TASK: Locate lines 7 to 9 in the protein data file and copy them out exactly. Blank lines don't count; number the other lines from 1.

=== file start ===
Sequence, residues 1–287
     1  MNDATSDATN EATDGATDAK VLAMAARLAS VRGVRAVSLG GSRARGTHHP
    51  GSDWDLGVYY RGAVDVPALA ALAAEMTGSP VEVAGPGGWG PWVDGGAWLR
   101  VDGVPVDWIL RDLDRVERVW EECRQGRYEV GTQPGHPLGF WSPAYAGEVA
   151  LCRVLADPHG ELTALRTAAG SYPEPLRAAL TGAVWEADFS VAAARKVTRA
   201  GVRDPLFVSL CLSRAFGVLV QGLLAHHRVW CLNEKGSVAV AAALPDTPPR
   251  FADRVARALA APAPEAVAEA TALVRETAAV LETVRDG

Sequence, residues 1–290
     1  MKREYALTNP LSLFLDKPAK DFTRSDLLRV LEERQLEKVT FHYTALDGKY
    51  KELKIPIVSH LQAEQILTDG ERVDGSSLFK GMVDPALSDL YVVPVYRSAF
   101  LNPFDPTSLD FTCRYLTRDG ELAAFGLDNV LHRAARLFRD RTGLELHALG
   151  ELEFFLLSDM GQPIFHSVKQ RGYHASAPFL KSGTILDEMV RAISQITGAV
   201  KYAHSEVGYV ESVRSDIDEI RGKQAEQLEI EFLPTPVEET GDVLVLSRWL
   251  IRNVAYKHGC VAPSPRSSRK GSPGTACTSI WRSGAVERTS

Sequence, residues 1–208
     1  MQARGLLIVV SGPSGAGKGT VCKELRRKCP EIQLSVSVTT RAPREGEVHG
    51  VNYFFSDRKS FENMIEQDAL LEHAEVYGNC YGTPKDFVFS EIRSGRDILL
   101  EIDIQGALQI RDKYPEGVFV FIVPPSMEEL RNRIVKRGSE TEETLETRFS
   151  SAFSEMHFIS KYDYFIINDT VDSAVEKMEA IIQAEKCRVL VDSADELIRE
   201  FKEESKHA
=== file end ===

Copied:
   251  FADRVARALA APAPEAVAEA TALVRETAAV LETVRDG

Sequence, residues 1–290
     1  MKREYALTNP LSLFLDKPAK DFTRSDLLRV LEERQLEKVT FHYTALDGKY